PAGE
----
Mystery Writers Guide

Organizations, websites and general information about where to get help when writing the mystery novel.

From Shakespeare to Agatha Christie, and beyond, the reading public has always been fascinated with a well told mystery. Writers, today, are still working toward telling one more tale of murder and mayhem, of thievery, of kidnapping, of all things that can happen on a dark and stormy night. There are more resources now, than ever before to help them on their journey.

Organizations for Mystery Writers

Writers Guide

Probably the most visible group is the Mystery Writer’s of America. The MWA has eleven chapters within the United States and a corresponding membership for those in other countries. You do not have to be a published author to join MWA. They have classified memberships for professionals and those who are soon to become professional.

Sisters In Crime Inc.

Sisters in Crime Inc. is a smaller group than the MWA, although memberships can overlap. Sisters in Crime currently has 3,600 members and 48 chapters. It was started as a support group for women mystery writers, it now includes men. Their website and newsletter contains valuable information about getting started in a career as a mystery writer. A sub-group of SinC is the Guppies (The Great Unpublished) which is a ‘pond’ of information and support, including opportunities for critiquing and advice on finding an agent. You must be a member of Sisters In Crime to join the Guppies.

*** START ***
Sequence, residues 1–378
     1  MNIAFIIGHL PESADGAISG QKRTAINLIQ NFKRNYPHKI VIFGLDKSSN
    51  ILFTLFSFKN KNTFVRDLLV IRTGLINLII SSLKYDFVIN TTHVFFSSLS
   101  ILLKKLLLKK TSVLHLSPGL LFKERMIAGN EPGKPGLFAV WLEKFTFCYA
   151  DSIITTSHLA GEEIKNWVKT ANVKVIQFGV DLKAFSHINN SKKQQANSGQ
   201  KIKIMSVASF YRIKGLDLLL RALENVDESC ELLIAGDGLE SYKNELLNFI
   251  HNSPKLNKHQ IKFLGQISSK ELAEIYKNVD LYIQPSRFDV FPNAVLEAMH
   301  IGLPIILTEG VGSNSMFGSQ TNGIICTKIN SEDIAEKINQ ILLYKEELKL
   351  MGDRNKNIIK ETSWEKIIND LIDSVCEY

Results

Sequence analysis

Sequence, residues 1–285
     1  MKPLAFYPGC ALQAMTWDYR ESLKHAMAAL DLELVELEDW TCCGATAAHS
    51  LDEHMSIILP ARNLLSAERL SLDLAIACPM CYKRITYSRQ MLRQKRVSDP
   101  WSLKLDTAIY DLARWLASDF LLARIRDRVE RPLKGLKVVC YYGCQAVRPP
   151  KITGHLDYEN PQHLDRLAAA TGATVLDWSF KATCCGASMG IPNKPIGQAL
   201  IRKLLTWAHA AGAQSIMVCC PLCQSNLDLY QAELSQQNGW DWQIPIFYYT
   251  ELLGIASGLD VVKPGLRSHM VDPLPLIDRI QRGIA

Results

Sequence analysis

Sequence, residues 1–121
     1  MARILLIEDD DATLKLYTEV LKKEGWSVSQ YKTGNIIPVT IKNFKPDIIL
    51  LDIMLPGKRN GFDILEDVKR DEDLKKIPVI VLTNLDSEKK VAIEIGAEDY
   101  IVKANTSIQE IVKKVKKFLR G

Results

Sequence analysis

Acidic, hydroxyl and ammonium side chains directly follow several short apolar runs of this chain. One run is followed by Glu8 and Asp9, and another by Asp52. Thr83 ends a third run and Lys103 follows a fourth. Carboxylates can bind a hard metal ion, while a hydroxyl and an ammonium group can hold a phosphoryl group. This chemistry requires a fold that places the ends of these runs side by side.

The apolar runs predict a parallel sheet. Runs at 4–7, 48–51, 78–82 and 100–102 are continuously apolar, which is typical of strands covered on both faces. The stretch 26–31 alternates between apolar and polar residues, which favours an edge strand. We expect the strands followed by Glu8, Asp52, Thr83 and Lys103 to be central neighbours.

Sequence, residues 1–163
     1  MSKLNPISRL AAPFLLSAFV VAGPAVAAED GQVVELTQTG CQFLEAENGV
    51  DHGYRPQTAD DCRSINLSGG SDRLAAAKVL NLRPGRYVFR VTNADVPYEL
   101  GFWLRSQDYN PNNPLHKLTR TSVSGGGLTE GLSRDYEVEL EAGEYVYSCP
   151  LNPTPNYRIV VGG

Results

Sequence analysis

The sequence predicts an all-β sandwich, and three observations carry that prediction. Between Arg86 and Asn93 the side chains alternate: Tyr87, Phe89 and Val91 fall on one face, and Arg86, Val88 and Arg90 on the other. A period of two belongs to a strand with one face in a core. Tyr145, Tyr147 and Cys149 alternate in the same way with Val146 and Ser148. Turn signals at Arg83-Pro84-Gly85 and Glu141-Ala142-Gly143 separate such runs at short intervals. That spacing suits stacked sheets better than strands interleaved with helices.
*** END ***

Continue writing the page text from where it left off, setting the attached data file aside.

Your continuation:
Websites for Mystery Writers

Mystery Writers Resources is an excellent website to bookmark if you are working on a mystery novel. Their information includes; Agent lists, Publishers and E-Publishers, as well as sites to research legal questions, guns and their use, forensics, and almost anything to do with writing about crime. They have a unique system that designates recommended sites.

Studying the Craft of Mystery Writing

P.D. James has a brief, but concise, outline of what you need to write a mystery novel at her official website. You can access this advice at Mystery Writing Lessons. The Writer’s Digest website offers various classes in mystery writing, as does the Gotham Writer’s Workshop.

Mystery Writer’s Blogs

There are any number of great blogs out there to inspire and inform the mystery writer. Among them are; Writers Who Kill, Poe’s Deadly Daughters, Dialog for Murder, Killer Characters and Jungle Red, a personal favorite, whose motto is ‘writing well is the best revenge’. There is also a Mystery Lovers Kitchen where delicious recipes are a bonus.

Recommended How-To For Mystery and Beyond

The number of how-to books, targeted for the mystery writer, is vast. Some are crime specific for evidence collecting, police procedure, and forensics. One book, by Chris Roerden, an Agatha Award Winning Author, is called ‘Don’t Sabotage Your Submission’. It contains insider information about keeping your manuscript from showing up D.O.A. (Dead On Arrival). Roerden’s book was originally called, ‘Don’t Murder Your Mystery’ but has been reissued for use with all fiction writing.

Reading for Success

Professional writers always advise those who want to be writers to do one thing: Read. If you are going to be a mystery writer, then read mysteries. A great website to begin your search for the mysteries that are going to entertain and teach is ‘Stop, You’re Killing Me!’. The site lists over 3,400 authors with a chronological book list which includes 38,000 titles. Award winners, and those nominated for awards, are also included in site information.